Kennedy, Kennedy, and the Eighth Amendment: "Still in Search of a Unifying Principle"?University of Pittsburgh Law Review (2011)
In Kennedy v. Louisiana, the United States Supreme Court held unconstitutional a state law that provided for the imposition of death upon one convicted of raping, but not killing or attempting to kill, a child. Justice Anthony Kennedy wrote the opinion for the Court, in which the majority, employing various analytical tools, brought its “own judgment” to bear on the excessiveness, and therefore the constitutionality, of the death sentence under the Eighth Amendment’s Cruel and Unusual Punishments Clause. In emphasizing the Court’s use of its own judgment in making the determination of excessiveness or disproportionality, Justice Kennedy and the majority risked the same public and internal, dissenting Court criticisms that accompanied previous death penalty opinions in which Court majorities and pluralities similarly employed their own judgments. In the sharp divide over these issues, critics have accused those jurists of disguising their personal views of morality as the doctrinal application of their “own judgment” on these questions. This article argues that despite the criticisms, and despite the Court’s statement that at least some of its capital punishment case law is “still in search of a unifying principle,” there is a precedential thread unifying and justifying the Court’s own assessment of excessiveness under the Eighth Amendment. Historical analysis of the Court’s Eighth Amendment statements shows that the clear thread in the cases is respect for human dignity and restraint that plays out through the Amendment’s proportionality guarantee. The Court’s application of that guarantee against excessiveness has time and again invoked the Court’s own judgment, based on contemporary knowledge of punishment, of punishment’s goals, and about decency in punishment. The article argues that approach is the sound and historical one and that the Court should continue to apply its own judgment about decency, excessiveness, and proportionality, despite criticisms from the Court’s conservative members about personal predilections.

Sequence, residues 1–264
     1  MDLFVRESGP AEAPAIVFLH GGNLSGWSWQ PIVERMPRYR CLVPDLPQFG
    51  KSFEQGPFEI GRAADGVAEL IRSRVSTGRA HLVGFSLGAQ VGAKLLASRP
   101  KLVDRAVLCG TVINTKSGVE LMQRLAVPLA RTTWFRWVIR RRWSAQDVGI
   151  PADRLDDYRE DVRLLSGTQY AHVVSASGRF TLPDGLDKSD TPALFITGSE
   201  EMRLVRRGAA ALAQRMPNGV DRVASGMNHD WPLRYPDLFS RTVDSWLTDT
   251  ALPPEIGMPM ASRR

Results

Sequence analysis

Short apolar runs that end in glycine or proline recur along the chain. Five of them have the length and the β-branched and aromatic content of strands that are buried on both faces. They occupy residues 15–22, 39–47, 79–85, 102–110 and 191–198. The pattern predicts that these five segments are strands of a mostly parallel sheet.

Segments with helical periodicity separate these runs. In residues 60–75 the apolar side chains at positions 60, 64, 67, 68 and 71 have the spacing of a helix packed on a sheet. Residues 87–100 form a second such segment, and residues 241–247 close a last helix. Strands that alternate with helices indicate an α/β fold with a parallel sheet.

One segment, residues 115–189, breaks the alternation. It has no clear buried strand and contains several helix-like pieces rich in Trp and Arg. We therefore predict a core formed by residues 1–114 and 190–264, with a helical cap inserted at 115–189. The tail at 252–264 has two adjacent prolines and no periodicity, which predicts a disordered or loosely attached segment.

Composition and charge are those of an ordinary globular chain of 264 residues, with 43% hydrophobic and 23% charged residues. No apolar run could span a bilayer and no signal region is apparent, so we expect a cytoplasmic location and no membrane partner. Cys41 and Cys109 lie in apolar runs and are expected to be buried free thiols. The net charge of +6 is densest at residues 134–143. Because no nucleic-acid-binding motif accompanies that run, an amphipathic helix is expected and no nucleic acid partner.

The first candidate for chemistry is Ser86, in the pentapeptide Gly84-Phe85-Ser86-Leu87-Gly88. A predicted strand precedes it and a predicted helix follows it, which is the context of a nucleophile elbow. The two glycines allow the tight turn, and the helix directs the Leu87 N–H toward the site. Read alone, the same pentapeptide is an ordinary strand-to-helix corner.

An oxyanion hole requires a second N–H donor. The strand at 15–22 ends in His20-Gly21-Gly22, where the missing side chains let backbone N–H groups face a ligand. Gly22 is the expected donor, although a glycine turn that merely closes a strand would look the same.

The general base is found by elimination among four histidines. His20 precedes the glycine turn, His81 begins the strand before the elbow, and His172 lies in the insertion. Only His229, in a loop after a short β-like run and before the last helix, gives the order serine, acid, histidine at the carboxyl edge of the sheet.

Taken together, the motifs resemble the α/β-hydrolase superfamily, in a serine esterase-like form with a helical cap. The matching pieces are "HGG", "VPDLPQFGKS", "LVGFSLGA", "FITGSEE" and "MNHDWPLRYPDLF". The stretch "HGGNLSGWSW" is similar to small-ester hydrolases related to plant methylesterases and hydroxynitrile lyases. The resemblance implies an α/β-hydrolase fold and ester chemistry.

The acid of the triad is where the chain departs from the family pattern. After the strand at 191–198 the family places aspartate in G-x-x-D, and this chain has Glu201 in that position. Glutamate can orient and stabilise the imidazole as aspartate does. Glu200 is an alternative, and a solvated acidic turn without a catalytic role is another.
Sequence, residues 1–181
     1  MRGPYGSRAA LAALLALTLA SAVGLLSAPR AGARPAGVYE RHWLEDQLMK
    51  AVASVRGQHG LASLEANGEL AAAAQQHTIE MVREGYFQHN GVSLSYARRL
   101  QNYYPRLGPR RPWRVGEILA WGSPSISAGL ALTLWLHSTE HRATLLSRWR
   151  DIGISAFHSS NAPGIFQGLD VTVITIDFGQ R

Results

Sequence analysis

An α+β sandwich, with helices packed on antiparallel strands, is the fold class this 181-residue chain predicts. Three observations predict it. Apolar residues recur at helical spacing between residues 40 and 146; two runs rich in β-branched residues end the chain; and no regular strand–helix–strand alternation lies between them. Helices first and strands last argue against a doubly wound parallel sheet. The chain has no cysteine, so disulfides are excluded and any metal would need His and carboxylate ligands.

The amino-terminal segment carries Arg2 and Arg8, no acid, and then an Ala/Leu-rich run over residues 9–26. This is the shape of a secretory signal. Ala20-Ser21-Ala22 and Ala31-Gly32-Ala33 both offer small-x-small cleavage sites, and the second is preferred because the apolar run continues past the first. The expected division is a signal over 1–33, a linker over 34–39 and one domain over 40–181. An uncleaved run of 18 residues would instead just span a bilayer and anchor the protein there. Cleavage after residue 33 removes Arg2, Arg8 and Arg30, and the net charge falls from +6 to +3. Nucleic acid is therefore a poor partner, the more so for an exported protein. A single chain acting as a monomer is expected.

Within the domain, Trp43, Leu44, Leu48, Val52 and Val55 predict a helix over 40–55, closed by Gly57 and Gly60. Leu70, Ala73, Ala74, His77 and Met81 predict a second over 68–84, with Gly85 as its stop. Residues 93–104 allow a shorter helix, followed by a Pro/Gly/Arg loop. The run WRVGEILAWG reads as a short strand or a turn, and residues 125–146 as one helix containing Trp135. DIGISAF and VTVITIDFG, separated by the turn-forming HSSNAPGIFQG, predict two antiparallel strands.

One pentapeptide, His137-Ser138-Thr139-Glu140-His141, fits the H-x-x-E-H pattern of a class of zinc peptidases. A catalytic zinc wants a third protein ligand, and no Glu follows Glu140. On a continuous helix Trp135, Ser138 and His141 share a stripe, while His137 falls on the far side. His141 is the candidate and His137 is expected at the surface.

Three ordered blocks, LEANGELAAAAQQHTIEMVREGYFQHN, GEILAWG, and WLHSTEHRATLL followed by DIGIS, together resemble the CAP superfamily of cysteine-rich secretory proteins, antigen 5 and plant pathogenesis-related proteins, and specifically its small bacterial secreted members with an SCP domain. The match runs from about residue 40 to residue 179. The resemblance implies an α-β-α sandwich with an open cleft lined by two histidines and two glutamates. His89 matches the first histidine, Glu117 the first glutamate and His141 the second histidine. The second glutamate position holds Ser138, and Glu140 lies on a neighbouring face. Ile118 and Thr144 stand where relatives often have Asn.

- Eighth Amendment,
- cruel and unusual punishment,
Citation InformationSusan Raeker-Jordan. "Kennedy, Kennedy, and the Eighth Amendment: "Still in Search of a Unifying Principle"?" University of Pittsburgh Law Review Vol. 73 Iss. 1 (2011)
Available at: http://works.bepress.com/susan_raeker_jordan/9/